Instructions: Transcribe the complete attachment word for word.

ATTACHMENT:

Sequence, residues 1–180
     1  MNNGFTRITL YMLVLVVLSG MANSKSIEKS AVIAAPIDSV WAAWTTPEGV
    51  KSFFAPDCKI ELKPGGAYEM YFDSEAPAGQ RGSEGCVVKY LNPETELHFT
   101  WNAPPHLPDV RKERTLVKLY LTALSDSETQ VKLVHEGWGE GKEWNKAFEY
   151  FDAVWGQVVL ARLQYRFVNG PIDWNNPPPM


Sequence, residues 1–180
     1  MNNGFTRITL YMLVLVVLSG MANSKSIEKS AVIAAPIDSV WAAWTTPEGV
    51  KSFFAPDCKI ELKPGGAYEM YFDSEAPAGQ RGSEGCVVKY LNPETELHFT
   101  WNAPPHLPDV RKERTLVKLY LTALSDSETQ VKLVHEGWGE GKEWNKAFEY
   151  FDAVWGQVVL ARLQYRFVNG PIDWNNPPPM